New Media Innovator, Film Producer , founder of Studio Occupy (http://en.wikipedia.org/wiki/Steven_Starr)
Role: design conversation contributor [Not an NCDD member]

Additional NCDD members involved in drafting the proposal
This proposal was drafted solely by Ben Roberts, but was informed by conversations with a variety of people at the October 2012 NCDD conference and in the ensuing months. More importantly, the design process will include conversations that bring in anyone from the D&D community and beyond that wish to offer their thinking to the core team that will spec out and develop one or more prototypes of the Macroscope.


Can we come up with something that does for online dialogue what the spreadsheet has done for numerical and data analysis? Can we create a simple, intuitive and highly flexible set of tools that allow for endless creativity in the way online conversations get structured and mapped? Can we make online conversation so dynamic that it takes on the addictive qualities of a massive multiplayer game? That is the goal of the Macroscope–a term Joel de Rosnay introduced to describe a tool that reveals the complexity of a thing. In the realm of online dialogue, a macroscope would allow us to have highly nuanced conversations of all kinds and purposes.

Ultimately, the plan is to create a tool set that can be plugged in or added onto existing websites built using platforms like Drupal and WordPress. Initially, in order to test out the concept, stand alone platforms will be created and used to convene a variety of different types of conversations. Assuming this experience confirms that the core ideas behind the Macroscope are sound, additional funding can be raised and a second iteration of the software can be launched. This can lead to a robust and highly intuitive set of tools that can be made available to the D&D community and the world at large and can be incorporated into new and existing websites wherever generative conversation is desired.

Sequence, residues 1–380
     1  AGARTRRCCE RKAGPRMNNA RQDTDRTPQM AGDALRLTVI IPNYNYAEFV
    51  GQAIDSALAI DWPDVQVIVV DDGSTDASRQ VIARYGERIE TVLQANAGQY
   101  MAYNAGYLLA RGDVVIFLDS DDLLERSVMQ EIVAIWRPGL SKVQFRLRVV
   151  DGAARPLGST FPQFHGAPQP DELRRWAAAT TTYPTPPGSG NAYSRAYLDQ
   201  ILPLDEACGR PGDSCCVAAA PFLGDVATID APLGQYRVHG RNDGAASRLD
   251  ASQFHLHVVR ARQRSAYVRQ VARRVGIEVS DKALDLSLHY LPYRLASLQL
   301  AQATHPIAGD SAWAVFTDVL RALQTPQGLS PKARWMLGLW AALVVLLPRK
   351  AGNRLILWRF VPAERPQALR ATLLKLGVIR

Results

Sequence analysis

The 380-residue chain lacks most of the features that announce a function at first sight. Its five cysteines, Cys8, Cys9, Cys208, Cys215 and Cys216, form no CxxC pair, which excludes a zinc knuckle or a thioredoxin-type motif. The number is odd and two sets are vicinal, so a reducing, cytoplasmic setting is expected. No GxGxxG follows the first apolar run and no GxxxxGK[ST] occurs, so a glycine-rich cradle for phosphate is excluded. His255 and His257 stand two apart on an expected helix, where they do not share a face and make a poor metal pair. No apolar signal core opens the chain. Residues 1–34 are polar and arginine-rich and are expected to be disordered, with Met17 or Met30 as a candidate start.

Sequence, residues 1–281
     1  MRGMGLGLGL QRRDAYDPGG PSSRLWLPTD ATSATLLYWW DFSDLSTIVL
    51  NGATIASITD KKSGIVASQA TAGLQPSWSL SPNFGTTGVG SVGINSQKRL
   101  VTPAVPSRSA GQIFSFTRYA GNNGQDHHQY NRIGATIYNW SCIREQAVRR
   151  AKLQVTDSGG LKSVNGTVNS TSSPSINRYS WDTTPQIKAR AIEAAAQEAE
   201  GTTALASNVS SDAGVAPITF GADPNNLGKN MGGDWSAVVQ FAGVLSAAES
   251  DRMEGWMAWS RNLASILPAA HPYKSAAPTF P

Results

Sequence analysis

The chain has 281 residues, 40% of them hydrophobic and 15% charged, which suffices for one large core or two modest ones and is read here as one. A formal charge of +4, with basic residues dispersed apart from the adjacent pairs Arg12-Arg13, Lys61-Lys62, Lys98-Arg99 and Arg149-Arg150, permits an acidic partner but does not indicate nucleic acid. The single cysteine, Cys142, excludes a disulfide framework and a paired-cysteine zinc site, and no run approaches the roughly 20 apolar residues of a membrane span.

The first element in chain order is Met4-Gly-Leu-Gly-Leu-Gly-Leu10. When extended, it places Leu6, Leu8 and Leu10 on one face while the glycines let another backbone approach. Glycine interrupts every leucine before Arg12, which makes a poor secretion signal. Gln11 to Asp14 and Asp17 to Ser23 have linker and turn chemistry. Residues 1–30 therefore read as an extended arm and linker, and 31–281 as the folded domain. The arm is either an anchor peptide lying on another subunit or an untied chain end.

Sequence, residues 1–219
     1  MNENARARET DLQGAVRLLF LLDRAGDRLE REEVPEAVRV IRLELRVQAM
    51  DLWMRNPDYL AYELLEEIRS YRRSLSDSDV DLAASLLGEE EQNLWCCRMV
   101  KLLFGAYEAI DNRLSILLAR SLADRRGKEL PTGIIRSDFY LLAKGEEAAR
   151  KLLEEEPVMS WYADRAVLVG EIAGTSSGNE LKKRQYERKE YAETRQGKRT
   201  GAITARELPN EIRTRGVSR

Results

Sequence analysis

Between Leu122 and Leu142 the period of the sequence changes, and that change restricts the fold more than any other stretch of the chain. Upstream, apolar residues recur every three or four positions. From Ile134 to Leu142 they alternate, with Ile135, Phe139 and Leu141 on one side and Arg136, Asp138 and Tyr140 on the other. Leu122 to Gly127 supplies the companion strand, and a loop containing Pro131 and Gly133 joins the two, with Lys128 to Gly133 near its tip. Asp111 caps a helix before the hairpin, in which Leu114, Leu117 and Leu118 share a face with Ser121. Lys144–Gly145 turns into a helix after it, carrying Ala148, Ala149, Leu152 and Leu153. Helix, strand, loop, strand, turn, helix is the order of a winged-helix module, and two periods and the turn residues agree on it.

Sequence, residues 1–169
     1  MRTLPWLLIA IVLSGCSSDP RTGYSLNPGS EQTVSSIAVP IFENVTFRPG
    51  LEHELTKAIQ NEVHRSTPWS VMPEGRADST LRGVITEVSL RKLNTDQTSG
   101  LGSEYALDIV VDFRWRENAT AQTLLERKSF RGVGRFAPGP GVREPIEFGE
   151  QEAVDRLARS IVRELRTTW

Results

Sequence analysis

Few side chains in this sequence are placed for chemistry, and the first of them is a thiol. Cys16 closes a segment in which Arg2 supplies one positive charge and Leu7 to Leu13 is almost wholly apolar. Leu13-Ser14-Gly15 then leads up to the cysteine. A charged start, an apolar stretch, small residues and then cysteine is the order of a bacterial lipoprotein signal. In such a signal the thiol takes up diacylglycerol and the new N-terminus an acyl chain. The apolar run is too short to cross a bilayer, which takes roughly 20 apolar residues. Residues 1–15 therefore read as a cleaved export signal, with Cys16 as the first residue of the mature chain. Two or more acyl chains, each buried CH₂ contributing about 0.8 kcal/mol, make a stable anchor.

The precise business model under which this might be undertaken is yet to be determined. If a company is formed, the equity will most likely be shared among the three project coordinators, with a portion also given to NCDD in return for the support we will have received. It is also possible that the software will be offered free as a set of open source solutions. These decisions will be made by consensus among the three coordinators.

Here are the essential components of the Macroscope as currently envisioned…

Simplicity and Engagement

The Macroscope must be very easy and to use–it must create hospitable and engaging space. While it may allow a host/moderator/facilitator to play that role with far greater ease and effectiveness, the tool should allow the participants to naturally self-organize without the need for such oversight. Ideally, the conversation might take on the qualities of a game, where the goal is to participate in a generative fashion so that your posts gain recognition and show up more prominantly on the map.